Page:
SQL Server Create View

Learning Objective

The objective of this SQL Server tutorial is to teach you how to create a View on a table in a database.

What is a SQL Server VIEW?

A View is a virtual database entity which is created by selecting a set of columns from a table or tables. A view does not store data but the SELECT query using which it is created. The purpose of creating a view is to

  1. Hide the underlying complexity of the database and the multiple objects (including multiple tables) in it from the user.
  2. Preventing access to the underlying tables to the users thereby securing them.
  3. Making it easy for the user to retrieve data from a table or tables without the need to formulate and issue complex queries (including multiple joins and predicates) repeatedly since the view itself is the result of such a complex query.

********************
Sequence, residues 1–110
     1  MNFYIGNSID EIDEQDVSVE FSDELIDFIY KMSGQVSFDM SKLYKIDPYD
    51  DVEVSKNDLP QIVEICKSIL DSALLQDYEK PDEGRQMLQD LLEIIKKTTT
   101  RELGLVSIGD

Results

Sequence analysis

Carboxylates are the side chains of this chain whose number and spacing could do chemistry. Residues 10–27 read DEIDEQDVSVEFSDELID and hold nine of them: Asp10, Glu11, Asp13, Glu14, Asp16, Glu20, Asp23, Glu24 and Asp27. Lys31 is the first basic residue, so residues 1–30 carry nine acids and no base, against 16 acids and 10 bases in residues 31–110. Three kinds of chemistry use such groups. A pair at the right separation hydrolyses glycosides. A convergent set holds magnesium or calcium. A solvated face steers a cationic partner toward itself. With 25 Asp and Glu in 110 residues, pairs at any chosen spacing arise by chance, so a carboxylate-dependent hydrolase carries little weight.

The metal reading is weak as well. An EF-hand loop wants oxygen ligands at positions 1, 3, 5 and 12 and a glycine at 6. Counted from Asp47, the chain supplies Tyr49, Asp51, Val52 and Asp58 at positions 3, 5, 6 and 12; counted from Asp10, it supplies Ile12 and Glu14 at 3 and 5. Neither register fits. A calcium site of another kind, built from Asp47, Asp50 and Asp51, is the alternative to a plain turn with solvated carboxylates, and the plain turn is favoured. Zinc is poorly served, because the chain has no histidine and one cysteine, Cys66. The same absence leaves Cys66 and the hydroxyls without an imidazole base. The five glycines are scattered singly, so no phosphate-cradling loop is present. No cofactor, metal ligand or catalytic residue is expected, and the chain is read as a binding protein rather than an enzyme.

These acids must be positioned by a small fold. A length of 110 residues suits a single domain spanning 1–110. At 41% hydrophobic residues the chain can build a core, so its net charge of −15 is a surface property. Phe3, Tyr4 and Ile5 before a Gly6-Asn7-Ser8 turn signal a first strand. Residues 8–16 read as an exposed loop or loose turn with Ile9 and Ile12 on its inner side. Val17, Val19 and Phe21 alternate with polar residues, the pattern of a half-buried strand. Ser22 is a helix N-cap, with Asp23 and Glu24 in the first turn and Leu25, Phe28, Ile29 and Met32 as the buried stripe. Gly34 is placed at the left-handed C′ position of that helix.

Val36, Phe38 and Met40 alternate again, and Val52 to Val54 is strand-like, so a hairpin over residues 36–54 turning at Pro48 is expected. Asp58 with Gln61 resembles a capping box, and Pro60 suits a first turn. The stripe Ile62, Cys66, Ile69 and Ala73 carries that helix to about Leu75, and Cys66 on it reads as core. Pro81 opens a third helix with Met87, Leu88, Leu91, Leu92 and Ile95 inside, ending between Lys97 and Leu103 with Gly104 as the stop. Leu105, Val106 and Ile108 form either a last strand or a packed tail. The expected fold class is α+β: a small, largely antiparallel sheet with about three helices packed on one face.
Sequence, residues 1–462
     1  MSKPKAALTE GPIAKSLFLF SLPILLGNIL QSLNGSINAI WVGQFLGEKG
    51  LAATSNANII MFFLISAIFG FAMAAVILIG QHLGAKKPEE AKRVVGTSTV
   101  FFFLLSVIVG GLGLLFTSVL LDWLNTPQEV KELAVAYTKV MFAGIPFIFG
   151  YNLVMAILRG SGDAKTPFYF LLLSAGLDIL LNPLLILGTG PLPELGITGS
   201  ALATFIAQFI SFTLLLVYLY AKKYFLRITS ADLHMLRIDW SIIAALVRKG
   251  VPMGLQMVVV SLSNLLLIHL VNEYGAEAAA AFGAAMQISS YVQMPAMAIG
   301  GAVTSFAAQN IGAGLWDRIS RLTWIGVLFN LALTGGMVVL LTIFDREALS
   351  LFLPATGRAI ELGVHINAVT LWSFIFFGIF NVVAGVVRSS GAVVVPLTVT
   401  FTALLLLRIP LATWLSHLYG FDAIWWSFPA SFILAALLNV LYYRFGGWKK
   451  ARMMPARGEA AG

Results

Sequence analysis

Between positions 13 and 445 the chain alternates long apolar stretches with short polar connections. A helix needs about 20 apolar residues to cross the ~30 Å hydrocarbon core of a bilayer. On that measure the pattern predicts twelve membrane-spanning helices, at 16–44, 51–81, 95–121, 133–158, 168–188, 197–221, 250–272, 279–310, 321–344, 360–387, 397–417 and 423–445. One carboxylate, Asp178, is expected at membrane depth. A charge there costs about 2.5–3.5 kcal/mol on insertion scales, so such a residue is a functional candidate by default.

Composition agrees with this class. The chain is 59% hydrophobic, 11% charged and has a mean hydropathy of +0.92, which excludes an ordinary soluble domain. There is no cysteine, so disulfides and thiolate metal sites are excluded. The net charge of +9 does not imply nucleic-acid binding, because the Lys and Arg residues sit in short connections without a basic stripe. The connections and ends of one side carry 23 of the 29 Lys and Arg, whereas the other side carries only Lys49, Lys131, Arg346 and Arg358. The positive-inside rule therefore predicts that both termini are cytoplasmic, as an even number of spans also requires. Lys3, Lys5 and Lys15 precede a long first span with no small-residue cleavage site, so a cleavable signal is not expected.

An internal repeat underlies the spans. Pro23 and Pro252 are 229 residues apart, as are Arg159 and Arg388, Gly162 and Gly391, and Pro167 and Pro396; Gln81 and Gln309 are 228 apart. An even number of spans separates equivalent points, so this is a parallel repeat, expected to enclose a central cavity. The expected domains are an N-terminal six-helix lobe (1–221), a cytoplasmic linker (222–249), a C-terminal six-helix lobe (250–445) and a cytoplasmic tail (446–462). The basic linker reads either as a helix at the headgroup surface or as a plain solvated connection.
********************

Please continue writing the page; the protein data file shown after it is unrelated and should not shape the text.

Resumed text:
4. Backward compatibility with certain applications.


A view is created using the CREATE OR ALTER VIEW statement. It can be created by selecting columns from single or multiple tables using JOINS.

SQL Server Create View Syntax

The basic syntax of the CREATE VIEW statement is the following.

CREATE VIEW view_name
AS select_statement;

In this syntax,

  • CREATE VIEW – statement to tell SQL Server to construct a view from the query.
  • column_list – optional. List of view column names. If not specified it will take the underlying table(s) column names.
  • WITH – keyword to specify additional view features. It is optional and not required if you are not enabling any of the optional features described below.
  • ENCRYPTION – optional keyword to encrypt the query used to generate the view thereby protecting the view logic.